He continues, “I met the last living agent that used to work in this place. She told me that these were the tools they used when she started doing hair here in the ‘50’s, and a shampoo and press was 25 cents. You would learn the Walker system, and then you would go out and open a salon as a Walker agent, buying the products and using the Walker system of doing hair.”
Madam C. J. Walker is credited with being the top earner and leader of the Black beauty industry during that era but there were multiple Black women beauty pioneers in competition with one another.
“But the absolute beginning starts with Annie Turnbo Malone who had the first school of cosmetology for the study of Black hair in North America,” says de Forest. “She had a global brand. Walker was a student at her beauty college in St. Louis. What Walker did was take the existing system after graduation and take it to another level. She had a better marketing strategy.”
Madam Walker and others of her ilk shortly after the turn of the century were often referred to as “race women.” They pre-dated the civil rights era of activism. They financed a range of racially sensitive causes. This cadre of Black hair care entrepreneurs owned virtually 100 percent of the industry in those early days. This new product line, as de Forest sees it, continues Madam C. J. Walker’s legacy of women’s and economic empowerment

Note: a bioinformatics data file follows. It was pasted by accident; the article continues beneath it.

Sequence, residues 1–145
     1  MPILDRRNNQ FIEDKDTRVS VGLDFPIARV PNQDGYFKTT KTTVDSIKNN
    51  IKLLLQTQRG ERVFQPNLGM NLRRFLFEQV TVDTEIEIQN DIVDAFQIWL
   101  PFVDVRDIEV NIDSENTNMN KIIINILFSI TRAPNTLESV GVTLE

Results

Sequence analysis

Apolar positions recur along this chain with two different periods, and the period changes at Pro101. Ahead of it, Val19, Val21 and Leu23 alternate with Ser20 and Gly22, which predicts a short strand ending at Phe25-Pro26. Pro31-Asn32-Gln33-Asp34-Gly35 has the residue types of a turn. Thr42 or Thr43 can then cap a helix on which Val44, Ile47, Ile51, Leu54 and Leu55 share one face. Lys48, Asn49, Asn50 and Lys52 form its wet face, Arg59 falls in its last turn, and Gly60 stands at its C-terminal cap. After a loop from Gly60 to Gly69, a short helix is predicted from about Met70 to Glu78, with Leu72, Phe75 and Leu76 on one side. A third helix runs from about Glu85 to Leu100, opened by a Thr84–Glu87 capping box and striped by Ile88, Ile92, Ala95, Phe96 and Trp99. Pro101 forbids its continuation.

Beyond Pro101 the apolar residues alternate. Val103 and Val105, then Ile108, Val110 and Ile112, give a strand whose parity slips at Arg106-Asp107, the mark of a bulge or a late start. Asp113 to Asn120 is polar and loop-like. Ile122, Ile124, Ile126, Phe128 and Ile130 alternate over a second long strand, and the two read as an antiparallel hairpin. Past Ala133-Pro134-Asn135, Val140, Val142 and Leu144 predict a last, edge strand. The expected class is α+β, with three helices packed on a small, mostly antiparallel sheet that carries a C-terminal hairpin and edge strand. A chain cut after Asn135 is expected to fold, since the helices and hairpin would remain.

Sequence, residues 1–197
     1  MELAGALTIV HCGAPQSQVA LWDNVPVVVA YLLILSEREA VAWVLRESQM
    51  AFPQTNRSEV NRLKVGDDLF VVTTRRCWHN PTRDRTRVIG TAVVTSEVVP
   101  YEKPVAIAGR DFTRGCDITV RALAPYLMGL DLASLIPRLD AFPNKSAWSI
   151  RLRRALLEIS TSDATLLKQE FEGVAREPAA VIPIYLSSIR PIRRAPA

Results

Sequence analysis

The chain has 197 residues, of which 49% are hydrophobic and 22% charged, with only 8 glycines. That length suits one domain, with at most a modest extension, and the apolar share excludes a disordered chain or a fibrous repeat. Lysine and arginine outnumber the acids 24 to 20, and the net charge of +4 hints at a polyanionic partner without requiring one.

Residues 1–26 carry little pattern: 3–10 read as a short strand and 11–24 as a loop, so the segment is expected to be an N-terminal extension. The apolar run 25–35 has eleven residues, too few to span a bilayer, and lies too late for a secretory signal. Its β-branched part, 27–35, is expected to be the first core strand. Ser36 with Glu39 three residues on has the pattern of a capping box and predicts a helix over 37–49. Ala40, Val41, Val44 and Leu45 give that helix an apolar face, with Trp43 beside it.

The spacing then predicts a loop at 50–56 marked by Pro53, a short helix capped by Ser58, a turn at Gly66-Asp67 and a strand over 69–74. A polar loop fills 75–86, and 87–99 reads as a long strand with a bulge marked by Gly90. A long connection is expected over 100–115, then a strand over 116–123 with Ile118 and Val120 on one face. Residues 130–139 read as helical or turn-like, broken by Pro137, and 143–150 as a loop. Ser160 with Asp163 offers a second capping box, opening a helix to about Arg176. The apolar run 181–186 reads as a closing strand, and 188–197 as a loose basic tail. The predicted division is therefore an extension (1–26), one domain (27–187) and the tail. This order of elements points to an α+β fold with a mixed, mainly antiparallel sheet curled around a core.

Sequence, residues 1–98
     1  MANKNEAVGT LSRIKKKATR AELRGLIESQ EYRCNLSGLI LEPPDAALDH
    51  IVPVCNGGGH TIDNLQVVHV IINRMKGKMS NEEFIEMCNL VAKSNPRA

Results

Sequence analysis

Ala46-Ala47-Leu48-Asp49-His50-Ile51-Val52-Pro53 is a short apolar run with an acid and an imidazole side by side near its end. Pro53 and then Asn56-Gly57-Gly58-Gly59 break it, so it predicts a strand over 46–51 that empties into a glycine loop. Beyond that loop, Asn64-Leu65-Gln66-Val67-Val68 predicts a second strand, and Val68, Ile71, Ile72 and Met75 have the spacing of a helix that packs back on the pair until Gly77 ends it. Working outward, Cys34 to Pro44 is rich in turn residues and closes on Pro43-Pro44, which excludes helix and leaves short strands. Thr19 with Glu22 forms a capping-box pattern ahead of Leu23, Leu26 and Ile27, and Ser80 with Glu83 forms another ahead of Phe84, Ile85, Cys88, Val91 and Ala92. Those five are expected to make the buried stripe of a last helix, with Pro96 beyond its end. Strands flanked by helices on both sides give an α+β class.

“The most important aspect of this whole scenario is that these beauty pioneers were providing employment for women during a period in which Black families could not penetrate the economic stratosphere of mainstream society because of racism,” de Forest opines. “These women were able to provide employment which provided the next generation the opportunity to go schools of higher learning. Any doctor or lawyer or any kind of Black professional, if you go back two or three generations someone was doing some hair. And, that hair provided a financial avenue for the next generation to move on. It goes back to even Madam C.J. Walker. The money she made allowed her to have her daughter become educated. Their whole system was set up to bring up a generation of African Americans. And part of their system was to divide the business in thirds—one-third for myself, one-third for the company and one-third for the cause.”
Madam C. J. Walker represents all that is possible, according to her biographical sketch. Sarah Breedlove–who later would come to be known as Madam C. J. Walker–was born on December 23, 1867 on the same Delta, Louisiana plantation where her parents, Owen and Minerva Anderson Breedlove, had been enslaved before the end of the Civil War. This child of sharecroppers transformed herself from an uneducated farm laborer and laundress into one of the twentieth century’s most successful, self-made women entrepreneurs.
“Now I realize that in the so-called higher walks of life many were prone to look down on hair dressers,” she has been quoted as saying. “They didn’t have a very high opinion of our calling, so I had to go down and dignify this work.”
“That woman was out there,” says de Forest with a proud smile. “She had some swag and a tongue!”